Treasury Secretary Janet Yellen on Tuesday downplayed concerns that inflation could rise to levels reached during an economic downturn in the 1970s, claiming that the Federal Reserve would act before a surge of that magnitude could occur.

Yellen has repeatedly said that it expects inflation to return to acceptable levels of around 2% by 2022. She repeated this stance during an appearance on the marketplace radio show, arguing that economic conditions will improve as the economy recovers from the COVID-19 pandemic.

When asked about the possibility that her forecast was wrong, Yellen tried to reassure that the inflation situation was being “carefully monitored”. She said the Federal Reserve would “not allow” a return to double-digit inflation rates of the 1970s when Americans faced nationwide gas shortages and other economic troubles after the Vietnam War.


“Monetary policy would play a role if it turned out to be something endemic,” Yellen said. “In the 1970s, we saw supply shocks turn into endemic inflation, with wages rising, and prices rising as a result. We don’t see that now. I don’t think we’re going to play a role in keeping it under control. “

Inflation reached a 13-year high of 5.4% in September. The Biden government is facing increasing pressure to manage the high cost of everyday necessities such as gasoline and meat as businesses grapple with supply chain bottlenecks and labor shortages.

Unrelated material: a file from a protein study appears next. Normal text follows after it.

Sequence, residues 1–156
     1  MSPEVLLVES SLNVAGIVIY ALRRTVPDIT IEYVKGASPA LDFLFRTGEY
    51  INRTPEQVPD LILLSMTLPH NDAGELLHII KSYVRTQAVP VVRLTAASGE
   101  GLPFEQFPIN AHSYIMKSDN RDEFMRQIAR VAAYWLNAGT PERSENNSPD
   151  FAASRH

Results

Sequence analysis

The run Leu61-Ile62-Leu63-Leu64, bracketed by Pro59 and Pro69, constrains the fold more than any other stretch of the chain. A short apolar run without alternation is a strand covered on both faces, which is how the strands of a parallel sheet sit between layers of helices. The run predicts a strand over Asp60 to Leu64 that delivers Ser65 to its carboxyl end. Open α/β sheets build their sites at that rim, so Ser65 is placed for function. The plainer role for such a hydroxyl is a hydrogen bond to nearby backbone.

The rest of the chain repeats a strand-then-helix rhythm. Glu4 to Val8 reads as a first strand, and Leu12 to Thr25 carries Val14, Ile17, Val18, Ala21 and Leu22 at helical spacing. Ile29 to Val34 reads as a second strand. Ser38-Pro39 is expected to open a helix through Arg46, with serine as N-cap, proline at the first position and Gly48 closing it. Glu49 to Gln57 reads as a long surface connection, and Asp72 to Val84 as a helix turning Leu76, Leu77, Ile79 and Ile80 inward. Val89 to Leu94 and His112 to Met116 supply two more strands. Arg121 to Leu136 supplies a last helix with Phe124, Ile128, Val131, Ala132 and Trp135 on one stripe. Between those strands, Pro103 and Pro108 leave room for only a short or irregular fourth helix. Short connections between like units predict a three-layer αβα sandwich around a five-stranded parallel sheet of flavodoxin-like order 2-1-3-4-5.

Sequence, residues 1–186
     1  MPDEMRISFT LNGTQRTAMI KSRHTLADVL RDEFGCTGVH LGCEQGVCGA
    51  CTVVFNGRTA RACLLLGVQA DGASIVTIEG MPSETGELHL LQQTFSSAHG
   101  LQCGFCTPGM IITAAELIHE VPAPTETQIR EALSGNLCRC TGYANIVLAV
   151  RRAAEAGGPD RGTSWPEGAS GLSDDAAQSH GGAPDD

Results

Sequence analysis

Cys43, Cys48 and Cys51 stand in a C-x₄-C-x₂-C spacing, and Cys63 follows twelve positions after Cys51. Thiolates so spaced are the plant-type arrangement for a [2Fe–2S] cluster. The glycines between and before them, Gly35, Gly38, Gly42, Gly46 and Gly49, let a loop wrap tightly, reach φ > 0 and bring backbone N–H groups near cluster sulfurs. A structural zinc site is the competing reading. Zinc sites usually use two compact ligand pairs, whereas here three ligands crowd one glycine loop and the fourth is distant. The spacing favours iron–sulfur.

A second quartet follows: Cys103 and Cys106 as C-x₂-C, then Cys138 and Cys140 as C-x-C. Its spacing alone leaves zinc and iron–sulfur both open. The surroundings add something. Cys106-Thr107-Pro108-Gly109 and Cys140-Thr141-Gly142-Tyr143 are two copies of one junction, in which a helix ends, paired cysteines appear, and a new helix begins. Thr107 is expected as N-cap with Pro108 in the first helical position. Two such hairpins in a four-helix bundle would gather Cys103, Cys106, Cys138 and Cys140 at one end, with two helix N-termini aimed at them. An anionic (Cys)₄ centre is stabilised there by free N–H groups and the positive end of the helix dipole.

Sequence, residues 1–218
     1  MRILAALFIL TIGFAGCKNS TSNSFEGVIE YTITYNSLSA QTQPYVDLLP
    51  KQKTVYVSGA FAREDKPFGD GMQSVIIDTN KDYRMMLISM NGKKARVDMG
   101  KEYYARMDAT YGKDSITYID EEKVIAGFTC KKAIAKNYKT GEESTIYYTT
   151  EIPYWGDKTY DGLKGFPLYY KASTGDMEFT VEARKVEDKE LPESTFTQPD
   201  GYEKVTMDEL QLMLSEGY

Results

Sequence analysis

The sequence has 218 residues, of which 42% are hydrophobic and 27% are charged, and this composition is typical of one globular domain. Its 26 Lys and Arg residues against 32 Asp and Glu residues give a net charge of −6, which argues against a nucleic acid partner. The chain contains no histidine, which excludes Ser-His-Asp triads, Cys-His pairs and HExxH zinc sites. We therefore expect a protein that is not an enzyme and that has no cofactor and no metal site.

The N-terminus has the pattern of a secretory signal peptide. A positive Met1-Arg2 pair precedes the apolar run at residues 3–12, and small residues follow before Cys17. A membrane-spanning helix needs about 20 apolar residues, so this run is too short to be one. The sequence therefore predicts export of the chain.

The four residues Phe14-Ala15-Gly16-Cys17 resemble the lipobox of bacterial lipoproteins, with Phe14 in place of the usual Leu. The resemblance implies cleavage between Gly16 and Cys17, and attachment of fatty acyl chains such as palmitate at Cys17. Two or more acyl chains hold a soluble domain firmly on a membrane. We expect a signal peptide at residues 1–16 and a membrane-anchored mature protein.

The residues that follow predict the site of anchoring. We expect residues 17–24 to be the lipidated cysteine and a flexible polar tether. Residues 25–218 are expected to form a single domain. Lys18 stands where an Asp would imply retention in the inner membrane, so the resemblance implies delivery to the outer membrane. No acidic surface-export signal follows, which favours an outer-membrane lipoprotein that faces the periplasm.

Former Obama administration economic adviser Larry Summers is a notable critic of Yellen’s stance, who claimed last month that he felt that she had a “less than 50/50 chance” that inflation was right by going back next year.

“Expect a larger labor supply and a more normal demand pattern,” Yellen told Marketplace. “When people feel more secure, the demand for these goods, the prices of which are rising, will fall and they will return to services in a more normal pattern. And at that point I would expect the price increases to level off.” and we will return to inflation closer to the 2% we believe to be normal. “

Republicans argue that the economic policies of the Biden administration are responsible for rising inflation. They warn that the crisis could worsen if Congress passes Biden’s extensive law on social spending.


Meanwhile, the president and his allies say inflation rates are temporary. President Biden has argued that his infrastructure and spending bills will help address the underlying causes.